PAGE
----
Guest editorial

Publication Date17 July 2017
Pages102-103
Date17 July 2017
DOIhttps://doi.org/10.1108/RMJ-05-2017-0014
AuthorFiorella Foscarini,Donald C. Force
SubjectInformation & knowledge management,Information management & governance
Guest editorial
Introduction to the themed issue “Fresh insights: student research in
records management”
As educators in the area of records management, Donald and I share the experience of
coming across student papers that make us think “… this submission is so innovative and so
well-argued that it deserves to be read by a wider public”. Offering students enrolled in
undergraduate, graduate and post-graduate programs the opportunity to publish their
work – that is, original papers based on course assignments, projects, theses or other kinds
of research work carried out as part of their education – was the motivation for this themed
issue of the Records Management Journal, entitled “Fresh Insights: Student Research in
Records Management”. We received 41 extended abstracts by the deadline of May 1, 2016,
and 20 authors were subsequently invited to submit their full papers. The eight articles
included in this themed issue are the outcome of a lengthy, patient, sometime painful,
revision process. For most contributors, this was the rst time they experienced their work
being assessed through a double-blind peer-review process. This selection of articles
identies some of the research topics emerging scholars are engaged with today, and
provides some indications of the future directions of records management research and
scholarship.
In his article, entitled “Practice theory: A new approach for archival and recordkeeping
research”, Asen Ivanov, a PhD candidate in the Faculty of Information at the University of
Toronto (Canada), introduces a qualitative methodology based on practice theory for the
analysis of organizational activities. Ivanov refers to his on-going doctoral research project
on appraisal and preservation practices at a digital broadcasting archives to illustrate this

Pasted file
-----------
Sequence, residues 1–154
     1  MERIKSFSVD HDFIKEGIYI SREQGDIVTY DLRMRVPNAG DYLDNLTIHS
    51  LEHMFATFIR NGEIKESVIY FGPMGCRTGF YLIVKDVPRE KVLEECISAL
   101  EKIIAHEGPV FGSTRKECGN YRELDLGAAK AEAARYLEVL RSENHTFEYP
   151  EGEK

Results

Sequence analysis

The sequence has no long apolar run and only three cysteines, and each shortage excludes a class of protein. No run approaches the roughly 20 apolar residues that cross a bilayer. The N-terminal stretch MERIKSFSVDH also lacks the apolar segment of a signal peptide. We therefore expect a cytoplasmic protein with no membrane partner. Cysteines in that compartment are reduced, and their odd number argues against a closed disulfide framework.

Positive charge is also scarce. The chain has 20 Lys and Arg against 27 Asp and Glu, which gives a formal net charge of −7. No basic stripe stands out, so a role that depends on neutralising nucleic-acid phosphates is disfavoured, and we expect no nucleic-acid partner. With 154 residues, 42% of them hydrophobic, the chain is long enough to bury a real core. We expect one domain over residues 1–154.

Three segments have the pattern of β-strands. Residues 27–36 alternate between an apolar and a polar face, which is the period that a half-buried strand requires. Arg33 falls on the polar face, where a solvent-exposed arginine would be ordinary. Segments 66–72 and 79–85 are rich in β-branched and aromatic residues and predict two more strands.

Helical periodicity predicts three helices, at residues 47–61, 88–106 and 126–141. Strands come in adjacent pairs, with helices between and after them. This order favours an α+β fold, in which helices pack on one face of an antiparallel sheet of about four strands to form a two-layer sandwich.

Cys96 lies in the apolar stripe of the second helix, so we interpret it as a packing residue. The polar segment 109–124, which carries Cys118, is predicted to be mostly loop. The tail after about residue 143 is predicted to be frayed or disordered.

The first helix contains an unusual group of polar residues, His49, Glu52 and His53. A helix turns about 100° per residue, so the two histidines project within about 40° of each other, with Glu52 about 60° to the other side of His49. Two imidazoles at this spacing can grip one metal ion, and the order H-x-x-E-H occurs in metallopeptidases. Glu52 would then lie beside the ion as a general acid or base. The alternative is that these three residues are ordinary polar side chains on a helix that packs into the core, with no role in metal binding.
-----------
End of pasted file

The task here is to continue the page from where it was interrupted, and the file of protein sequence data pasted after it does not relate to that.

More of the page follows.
innovative methodology and to explain how it enriches the archival and records
management discipline.
Greg Rolan, a PhD candidate in the Monash University Centre for Organisational and
Community Informatics (Australia), examines the evolution of recordkeeping metadata and
suggests a new metadata model that would allow recordkeeping interoperability between
disparate ontologies. Rolan’s article, “Towards interoperable recordkeeping systems: A
meta-model for recordkeeping metadata”, introduces an infrastructural approach to
metadata modeling that builds on the Australian idea of recordkeeping informatics.
In “The challenges presented to records management by open government data in the
public sector in England: A case study”, Katherine Chorley discusses some of the ndings of
her research conducted at a National Health Service (NHS) hospital trust in the context of her
Master’s degree in the Department of Information Studies at the University College London
(UK). The goal of Chorley’s study was to identify areas of practice and policy that would need
to be developed further to ensure compliance with obligations of open government and open
data environments.
Rebecca Grant, a PhD candidate at the University College Dublin (Ireland), offers an
extensive overview of contemporary and historical attitudes toward research data and
suggests the role that recordkeeping professionals can play in the interdisciplinary area of
research data management and curation. Grant’s article “Recordkeeping and research data
management: A review of perspectives” is an insightful and up-to-date introduction of the
rapidly evolving world of research data.
With “Exploring digital preservation requirements: A case study from the National
Geoscience Data Centre (NGDC)”, Jaana Pinnick, a Master’s student in Information and
RMJ
27,2
102
RecordsManagement Journal
Vol.27 No. 2, 2017
pp.102-103
©Emerald Publishing Limited
0956-5698
DOI 10.1108/RMJ-05-2017-0014

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